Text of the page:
Scientists can now control human DNA with electricity using new tech that ‘sparks genes


Scientists can now control human DNA with electricity using new tech that ‘sparks genes back to life’

Scientists have for the first time managed to control human DNA with electricity in what could be a breakthrough.

A team in Switzerland successfully switched human genes on and off using electrical currents from two, medical-grade acupuncture needles.

The stimulating zaps helped activate insulin-producing genes, created using gene therapy methods that the Swiss team has developed for over the past five years.

The researchers called their new tech the ‘missing link’ for gene-based therapies. 

But the hope is that this ‘electrogenetic’ method could revolutionize wearable tech — everything from medical devices to fitness trackers to prosthetics — creating an entirely new pathway for electronic devices to communicate with the human body.

Using fluorescent microscopy to illuminate the production of insulin, the researchers were able to show just how successful their method was at activating the insulin producing genes

This above image shows the results of stimulation with 5 volts of electricity for 20 seconds across 72 hours

Using fluorescent microscopy to illuminate the production of insulin, the researchers were able to show just how successful their method was at activating the insulin producing genes. The image at right shows the results of stimulation with 5 volts for 20 seconds across 72 hours 

The biosystems engineers at ETH Zürich, a public research university in Switzerland, were able to successfully activate human DNA using electrical currents from two, medical-grade acupuncture needles — equipment already approved by the World Health Organization (WHO)

The biosystems engineers at ETH Zürich, a public research university in Switzerland, were able to successfully activate human DNA using electrical currents from two, medical-grade acupuncture needles — equipment already approved by the World Health Organization (WHO)

The system, dubbed ‘direct current (DC)-actuated regulation technology’ (DART), enables communication between electronic and biological systems that had been ‘largely incompatible’ before. 

‘Electronic and biological systems function in radically different ways and are largely incompatible due to the lack of a functional communication interface,’ the team said in their new study, published Monday in Nature Metabolism.

‘Biological systems are analog, programmed by genetics, updated slowly by evolution and controlled by ions flowing through insulated membranes,’ the scientists explained. 

‘Electronic systems,’ they wrote, in contrast, ‘are digital, programmed by readily updatable software and controlled by electrons flowing through insulated wires.’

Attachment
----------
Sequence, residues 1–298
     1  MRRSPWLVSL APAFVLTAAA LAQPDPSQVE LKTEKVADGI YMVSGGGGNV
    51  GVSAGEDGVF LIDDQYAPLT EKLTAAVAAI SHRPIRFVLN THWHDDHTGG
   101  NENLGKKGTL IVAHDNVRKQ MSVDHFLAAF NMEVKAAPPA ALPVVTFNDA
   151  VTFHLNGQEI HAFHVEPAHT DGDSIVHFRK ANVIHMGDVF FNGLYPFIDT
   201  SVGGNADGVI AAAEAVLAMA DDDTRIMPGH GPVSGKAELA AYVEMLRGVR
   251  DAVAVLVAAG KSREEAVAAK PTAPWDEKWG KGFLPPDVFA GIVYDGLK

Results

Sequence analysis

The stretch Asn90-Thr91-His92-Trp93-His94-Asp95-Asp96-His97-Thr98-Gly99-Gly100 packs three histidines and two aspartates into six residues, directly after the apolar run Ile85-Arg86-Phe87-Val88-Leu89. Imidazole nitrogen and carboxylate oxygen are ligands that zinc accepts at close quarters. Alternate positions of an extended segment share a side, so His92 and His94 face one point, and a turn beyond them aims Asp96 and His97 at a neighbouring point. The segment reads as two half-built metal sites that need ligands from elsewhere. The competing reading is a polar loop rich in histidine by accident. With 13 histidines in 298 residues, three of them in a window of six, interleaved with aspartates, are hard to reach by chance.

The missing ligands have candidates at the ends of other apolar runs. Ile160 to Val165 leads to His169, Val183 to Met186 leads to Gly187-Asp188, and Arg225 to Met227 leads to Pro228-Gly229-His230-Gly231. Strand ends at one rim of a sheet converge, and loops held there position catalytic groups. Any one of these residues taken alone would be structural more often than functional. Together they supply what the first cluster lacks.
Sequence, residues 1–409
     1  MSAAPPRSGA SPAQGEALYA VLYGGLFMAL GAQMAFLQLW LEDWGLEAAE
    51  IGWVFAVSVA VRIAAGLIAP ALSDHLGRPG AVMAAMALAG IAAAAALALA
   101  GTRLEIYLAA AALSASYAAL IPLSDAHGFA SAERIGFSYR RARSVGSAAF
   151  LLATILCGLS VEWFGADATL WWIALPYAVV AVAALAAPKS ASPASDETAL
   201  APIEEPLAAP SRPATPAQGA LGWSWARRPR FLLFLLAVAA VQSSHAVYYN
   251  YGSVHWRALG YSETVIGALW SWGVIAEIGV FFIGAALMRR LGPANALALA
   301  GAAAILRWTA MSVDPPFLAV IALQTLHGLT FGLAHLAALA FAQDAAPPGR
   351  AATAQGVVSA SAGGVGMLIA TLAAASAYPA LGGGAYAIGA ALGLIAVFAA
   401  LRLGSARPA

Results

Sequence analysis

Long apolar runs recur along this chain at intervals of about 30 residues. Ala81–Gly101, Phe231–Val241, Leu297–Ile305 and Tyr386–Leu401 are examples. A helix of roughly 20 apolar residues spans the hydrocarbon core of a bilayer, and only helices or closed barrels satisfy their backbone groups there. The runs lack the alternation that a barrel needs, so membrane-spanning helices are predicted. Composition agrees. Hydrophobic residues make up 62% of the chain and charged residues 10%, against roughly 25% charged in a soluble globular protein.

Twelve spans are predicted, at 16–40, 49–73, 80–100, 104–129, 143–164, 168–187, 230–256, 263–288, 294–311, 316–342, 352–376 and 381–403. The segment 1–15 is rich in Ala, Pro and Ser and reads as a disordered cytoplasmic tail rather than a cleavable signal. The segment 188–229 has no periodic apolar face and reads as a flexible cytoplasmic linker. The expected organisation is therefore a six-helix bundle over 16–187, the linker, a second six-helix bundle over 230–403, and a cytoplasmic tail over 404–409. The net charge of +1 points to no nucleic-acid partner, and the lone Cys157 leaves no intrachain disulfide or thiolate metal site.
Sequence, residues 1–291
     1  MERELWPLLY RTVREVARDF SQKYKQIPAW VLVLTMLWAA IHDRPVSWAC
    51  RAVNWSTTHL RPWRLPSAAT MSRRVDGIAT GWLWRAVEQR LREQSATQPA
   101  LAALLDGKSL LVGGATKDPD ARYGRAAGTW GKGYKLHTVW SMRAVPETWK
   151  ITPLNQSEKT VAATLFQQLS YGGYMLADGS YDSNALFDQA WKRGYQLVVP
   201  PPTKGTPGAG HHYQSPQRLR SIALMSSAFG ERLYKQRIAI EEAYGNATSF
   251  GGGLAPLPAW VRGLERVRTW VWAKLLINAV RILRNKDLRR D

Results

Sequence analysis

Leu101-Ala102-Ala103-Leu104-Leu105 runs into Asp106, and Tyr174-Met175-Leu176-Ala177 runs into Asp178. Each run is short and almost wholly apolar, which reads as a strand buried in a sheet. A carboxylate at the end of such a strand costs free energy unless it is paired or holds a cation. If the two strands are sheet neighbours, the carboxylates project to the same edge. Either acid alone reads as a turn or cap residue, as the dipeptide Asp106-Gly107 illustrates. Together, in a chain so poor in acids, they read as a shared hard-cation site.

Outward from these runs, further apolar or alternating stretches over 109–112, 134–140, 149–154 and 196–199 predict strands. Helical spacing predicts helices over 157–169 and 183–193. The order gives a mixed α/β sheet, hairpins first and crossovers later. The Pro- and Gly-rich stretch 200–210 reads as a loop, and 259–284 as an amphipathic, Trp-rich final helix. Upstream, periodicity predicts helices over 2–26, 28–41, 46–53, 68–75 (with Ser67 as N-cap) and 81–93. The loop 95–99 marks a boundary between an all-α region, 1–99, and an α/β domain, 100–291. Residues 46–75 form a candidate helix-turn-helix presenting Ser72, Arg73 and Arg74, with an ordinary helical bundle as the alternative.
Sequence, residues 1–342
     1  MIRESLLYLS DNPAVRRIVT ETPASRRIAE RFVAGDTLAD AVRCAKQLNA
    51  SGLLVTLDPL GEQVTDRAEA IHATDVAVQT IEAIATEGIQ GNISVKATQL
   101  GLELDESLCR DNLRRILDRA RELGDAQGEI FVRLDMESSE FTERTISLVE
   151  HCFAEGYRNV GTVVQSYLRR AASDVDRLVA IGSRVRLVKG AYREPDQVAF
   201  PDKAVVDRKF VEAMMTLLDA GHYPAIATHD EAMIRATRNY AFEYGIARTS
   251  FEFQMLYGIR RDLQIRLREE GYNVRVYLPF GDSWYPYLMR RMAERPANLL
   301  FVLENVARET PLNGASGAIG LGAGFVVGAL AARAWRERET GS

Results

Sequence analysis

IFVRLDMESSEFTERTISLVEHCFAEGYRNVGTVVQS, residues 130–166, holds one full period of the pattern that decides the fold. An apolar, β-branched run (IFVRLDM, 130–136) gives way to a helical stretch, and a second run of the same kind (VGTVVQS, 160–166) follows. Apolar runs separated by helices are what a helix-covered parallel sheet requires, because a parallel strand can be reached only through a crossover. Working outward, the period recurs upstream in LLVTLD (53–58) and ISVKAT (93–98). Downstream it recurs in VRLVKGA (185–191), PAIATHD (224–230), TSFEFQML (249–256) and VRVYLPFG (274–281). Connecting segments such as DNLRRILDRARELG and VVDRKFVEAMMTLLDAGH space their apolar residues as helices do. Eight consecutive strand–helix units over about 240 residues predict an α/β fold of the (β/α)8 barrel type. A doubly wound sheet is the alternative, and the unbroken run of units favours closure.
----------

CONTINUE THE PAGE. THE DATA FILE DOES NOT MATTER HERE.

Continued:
Working out of ETH Zürich, a public research university in Switzerland, the researchers developed an intentionally simple system that uses World Health Organization (WHO)-approved and US Food and Drug Administration (FDA)-licensed acupuncture needle electrodes to deliver modest life-saving jolts.

Their DART system, according to the study, only has to deliver 10 seconds of DC current at 4.5 volts once per day to stimulate enough insulin production to regulate blood-sugar levels for diabetics.

The battery-powered DART interface essentially splits tiny amounts of water inside human cells into highly electrically charged ions, or ‘reactive oxygen species’ using the oxygen in ordinary H2O. 

The team, led by molecular biologist Jinbo Huang at ETH Zürich, was able to fine-tune sub-cellular elements via gene-therapy injections — including the ‘Kelch-like ECH-associated protein 1’ — into helping them produce insulin in response to these charged oxygen molecules. 

Specifically, they created synthetic ‘antioxidant-response elements’ (AREs) which would activate specially made, insulin-producing theraputic transgenes. 

The AREs would thus help make insulin in the course of doing their normal duties, attempting to tamp down those highly charged oxygen ions, as created by the acupuncture electrodes.

Huang and his team were able to show that the DART system could activate insulin-producing gene-based therapies that had been injected into human embryonic kidney cells, human stem cells, and various lab rodent models. 

This ETH Zürich group hopes that their DART system will ‘set the stage for wearable-based electro-controlled gene expression.’ 

DART, they wrote, has ‘the potential to connect medical interventions to an internet of the body or the internet of things.’



Read More

Leave a comment

This website uses cookies to improve your experience. We'll assume you're ok with this, but you can opt-out if you wish. Accept Read More